I agree with the majority that the district court abused its discretion in awarding sanctions under Federal Rule of Civil Procedure 11, and I therefore concur in Part 2 of the memorandum disposition. But I would also reverse the district court’s separate award of sanctions under 28 U.S.C. § 1927, and I therefore dissent from Part 1 of the majority’s decision.


Section 1927 provides that “[a]ny attorney ... who so multiplies the proceedings in any case unreasonably and vexatiously may be required by the court to satisfy personally the excess costs, expenses, and attorneys’ fees reasonably incurred because of such conduct.” 28 U.S.C. § 1927. To warrant sanctions under this provision, the conduct must be at least reckless, see Lahiri v. Universal Music and Video Distrib. Corp., 606 F.3d 1216, 1219 (9th Cir. 2010), and it must cause the proceedings to be multiplied “in both an ‘unreasonable and vexatious manner.’ ” In re Girardi, 611 F.3d 1027, 1060–61 (9th Cir. 2010). The district court abused its discretion in finding that this standard was met here.


The district court’s § 1927 sanctions award was based on the premise that, by “ignoring Defendants’ counsel’s repeated requests for a copy of the settlement agreement and then doubling the settlement demand when they finally provided a copy of the agreement to Defendant’s counsel, rather than dismissing the action, [Plaintiffs’ counsel] unreasonably multiplied proceedings in this matter” (emphasis added). To the extent that this analysis rests on the view that Plaintiffs’ counsel, after retrieving and reviewing the settlement agreement, should have immediately “dismiss[ed] the action” outright, that is just another way of saying that the district court thought that counsel pursued a frivolous case. That theory necessarily fails for the same reasons that the district court’s reliance on Rule 11 fails. See Mem. Dispo. at 5.


Given that the § 1927 sanctions cannot be sustained on the theory that Plaintiff’s counsel multiplied the proceedings by pursuing frivolous claims, the only remaining question is whether there is any other basis for concluding that Plaintiffs’ counsel can be said to have multiplied the proceedings either by (1) delaying the production of the prior settlement agreement or by (2) doubling the settlement demand in this case. The answer is no.


As an initial matter, the delay in producing the settlement agreement from the earlier case was fairly modest. Defendants’ counsel first requested the settlement agreement on April 11, 2014 and Plaintiffs’ counsel finally provided a copy on April 30—a delay of only 19 days. No court activity took place during those 19 days; there were no impending court deadlines; and Defendants’ counsel did not file a motion to dismiss until August of that year. Accordingly, there is no sense in which it can be said that the delay in providing the settlement agreement caused any filings or court proceedings to take place that would not have otherwise occurred. Cf. B.K.B. v. Maui Police Dep’t, 276 F.3d 1091, 1107 (9th Cir. 2002) (holding that counsel multiplied proceedings by engaging in bad-faith conduct that necessitated a motion for mistrial).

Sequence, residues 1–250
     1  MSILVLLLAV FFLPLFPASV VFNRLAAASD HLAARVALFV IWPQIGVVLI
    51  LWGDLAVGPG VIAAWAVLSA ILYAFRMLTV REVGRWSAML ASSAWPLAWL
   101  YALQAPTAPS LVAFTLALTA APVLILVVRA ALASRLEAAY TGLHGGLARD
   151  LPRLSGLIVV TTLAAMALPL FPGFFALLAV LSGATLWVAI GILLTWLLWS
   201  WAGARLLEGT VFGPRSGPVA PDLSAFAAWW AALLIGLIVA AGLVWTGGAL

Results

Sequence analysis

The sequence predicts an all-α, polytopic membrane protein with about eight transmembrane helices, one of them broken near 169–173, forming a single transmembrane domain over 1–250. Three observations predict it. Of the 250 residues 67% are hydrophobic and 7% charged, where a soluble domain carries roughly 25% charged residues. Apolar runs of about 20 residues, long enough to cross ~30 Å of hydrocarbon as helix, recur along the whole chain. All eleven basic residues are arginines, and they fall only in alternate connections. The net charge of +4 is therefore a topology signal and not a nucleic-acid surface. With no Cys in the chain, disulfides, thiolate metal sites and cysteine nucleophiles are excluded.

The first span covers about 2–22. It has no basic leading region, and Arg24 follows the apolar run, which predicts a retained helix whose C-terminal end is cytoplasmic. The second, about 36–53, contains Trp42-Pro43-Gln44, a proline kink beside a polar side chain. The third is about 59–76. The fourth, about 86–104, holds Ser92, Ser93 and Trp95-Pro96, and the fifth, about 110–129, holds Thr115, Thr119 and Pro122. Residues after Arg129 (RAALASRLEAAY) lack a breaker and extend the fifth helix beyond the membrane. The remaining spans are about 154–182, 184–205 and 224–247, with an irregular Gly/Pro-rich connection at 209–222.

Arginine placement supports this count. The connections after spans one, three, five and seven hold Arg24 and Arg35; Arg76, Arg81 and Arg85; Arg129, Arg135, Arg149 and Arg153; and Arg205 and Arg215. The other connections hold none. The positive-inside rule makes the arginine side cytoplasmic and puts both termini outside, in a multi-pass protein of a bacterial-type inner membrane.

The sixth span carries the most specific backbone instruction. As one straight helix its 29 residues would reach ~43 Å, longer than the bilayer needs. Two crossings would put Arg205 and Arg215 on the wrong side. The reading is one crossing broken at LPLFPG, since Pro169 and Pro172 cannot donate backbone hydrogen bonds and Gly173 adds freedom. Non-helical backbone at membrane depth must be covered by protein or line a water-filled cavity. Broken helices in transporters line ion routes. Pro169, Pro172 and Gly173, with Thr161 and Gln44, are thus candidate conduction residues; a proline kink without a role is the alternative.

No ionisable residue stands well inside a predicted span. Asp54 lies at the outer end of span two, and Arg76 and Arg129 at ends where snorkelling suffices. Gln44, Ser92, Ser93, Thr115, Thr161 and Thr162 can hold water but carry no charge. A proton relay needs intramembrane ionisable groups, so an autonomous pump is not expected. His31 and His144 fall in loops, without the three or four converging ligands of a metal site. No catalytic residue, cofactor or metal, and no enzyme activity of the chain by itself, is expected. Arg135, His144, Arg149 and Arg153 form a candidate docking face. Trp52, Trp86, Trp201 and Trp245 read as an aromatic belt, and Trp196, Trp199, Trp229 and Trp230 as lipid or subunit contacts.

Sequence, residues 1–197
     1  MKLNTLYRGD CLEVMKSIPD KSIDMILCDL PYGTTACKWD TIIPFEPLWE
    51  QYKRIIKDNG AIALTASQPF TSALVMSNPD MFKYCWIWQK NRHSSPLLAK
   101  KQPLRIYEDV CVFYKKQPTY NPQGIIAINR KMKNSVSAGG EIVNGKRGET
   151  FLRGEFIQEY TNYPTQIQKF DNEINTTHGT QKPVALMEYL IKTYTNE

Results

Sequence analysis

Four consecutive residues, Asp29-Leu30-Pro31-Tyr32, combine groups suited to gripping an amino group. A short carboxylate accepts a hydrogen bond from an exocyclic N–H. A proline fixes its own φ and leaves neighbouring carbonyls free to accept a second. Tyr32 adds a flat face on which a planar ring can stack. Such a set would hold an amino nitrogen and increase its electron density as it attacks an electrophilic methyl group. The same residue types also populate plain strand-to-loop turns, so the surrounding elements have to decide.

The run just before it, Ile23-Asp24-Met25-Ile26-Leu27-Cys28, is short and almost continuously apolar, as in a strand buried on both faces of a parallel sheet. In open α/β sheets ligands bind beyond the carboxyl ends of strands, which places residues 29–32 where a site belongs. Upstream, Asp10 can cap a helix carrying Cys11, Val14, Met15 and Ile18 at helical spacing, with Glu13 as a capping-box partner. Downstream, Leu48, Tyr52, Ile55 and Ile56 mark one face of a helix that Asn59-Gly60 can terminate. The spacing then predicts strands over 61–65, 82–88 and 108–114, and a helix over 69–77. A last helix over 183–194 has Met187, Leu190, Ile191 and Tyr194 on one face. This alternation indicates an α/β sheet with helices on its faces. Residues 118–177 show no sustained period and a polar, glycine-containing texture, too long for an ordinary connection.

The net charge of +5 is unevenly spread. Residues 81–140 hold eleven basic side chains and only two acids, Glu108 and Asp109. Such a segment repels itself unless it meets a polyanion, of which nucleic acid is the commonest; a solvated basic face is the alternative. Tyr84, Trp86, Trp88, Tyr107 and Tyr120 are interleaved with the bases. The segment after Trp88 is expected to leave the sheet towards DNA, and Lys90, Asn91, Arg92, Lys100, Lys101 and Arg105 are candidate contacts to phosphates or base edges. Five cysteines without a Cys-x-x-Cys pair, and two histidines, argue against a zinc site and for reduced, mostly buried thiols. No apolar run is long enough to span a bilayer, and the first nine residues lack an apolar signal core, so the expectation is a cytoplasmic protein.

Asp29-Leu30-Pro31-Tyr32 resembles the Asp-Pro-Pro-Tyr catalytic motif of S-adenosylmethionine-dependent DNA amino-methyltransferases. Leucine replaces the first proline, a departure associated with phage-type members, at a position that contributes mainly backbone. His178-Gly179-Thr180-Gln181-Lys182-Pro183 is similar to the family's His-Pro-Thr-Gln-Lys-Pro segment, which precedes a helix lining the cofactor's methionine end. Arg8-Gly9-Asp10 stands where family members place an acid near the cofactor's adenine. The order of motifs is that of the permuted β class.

That leaves only the theory that, by delaying production of the prior settlement agreement and doubling the settlement demand for this case, Plaintiffs’ counsel unreasonably and vexatiously multiplied the proceedings by causing the case not to settle. The majority upholds the sanctions award on this basis, see Mem. Dispo. at 3–4, but in my view, there simply is no factual basis in this record for concluding that Plaintiffs’ counsel’s challenged conduct derailed a settlement that was otherwise in the offing.


The prior settlement agreement was delivered to Defendants’ counsel on April 30, 2014, and less than one hour later the settlement demand for this case was doubled. But by that point, the parties’ respective settlement positions had already consistently remained far apart. Until the demand was doubled, Plaintiffs’ counsel had repeatedly demanded $6,000 and had shown no willingness to accept a lower number. Although Defendants’ counsel had moved from offering only non-monetary relief to offering $2,000, there is no evidence that Plaintiffs’ counsel would ever have accepted that number. Nor is there any evidence—other than sheer speculation—that the parties might otherwise have agreed to a number between those two. In one communication, Defendants’ counsel noted that the statutory damages under the Unruh Act were fixed at “$4,000 ($2,000 for quick repairs),” see generally CAL. CIV. CODE §§ 52(a), 55.56(f)(2) (2014 ed.), but he then explained that this was an “extremely rare and unique” case that warranted “something other than formulaic treatment.” Thus, even if this communication were generously construed as obliquely floating a compromise at $4,000, there is no actual basis in the record for concluding that Plaintiffs’ counsel would ever have accepted that number. Accordingly, to the extent that the district court concluded that, but for the delay in the production of the prior settlement agreement and the doubling of the current settlement demand, the case would otherwise have settled, that finding rests on “unadulterated speculation” and is therefore “clearly erroneous.” United States v. Coffey, 233 F.2d 41, 43–44 (9th Cir. 1956).


Because none of the grounds identified by the district court can support a conclusion that Plaintiffs’ counsel “unreasonably and vexatiously” “multiplie[d] the proceedings,” 28 U.S.C. § 1927, I would reverse the district court’s sanctions award under that statute as well. I therefore respectfully dissent from Part 1 of the majority’s memorandum disposition.


Partial Concurrence and Partial Dissent by Judge COLLINS.

All Citations

Not Reported in Fed. Rptr., 2023 WL 2387583





This disposition is not appropriate for publication and is not precedent except as provided by Ninth Circuit Rule 36-3.




We reject Plaintiff’s contention that the district court’s order did not make clear which attorneys were the subject of the sanctions imposed under Section 1927. Viewing the order in context, it is clear that the court’s sanctions were directed at the attorneys whose conduct underlay the court’s findings—namely, Phyl Grace and Mark Potter. To the extent that Plaintiff now contends that there was sufficient evidence to support a sanctions award under Section 1927 against Grace but not against Potter, no such differential argument was raised below. In any event, the grounds we have described above extend sufficiently to both counsel that we cannot say that the district court abused its discretion in extending its order to both attorneys.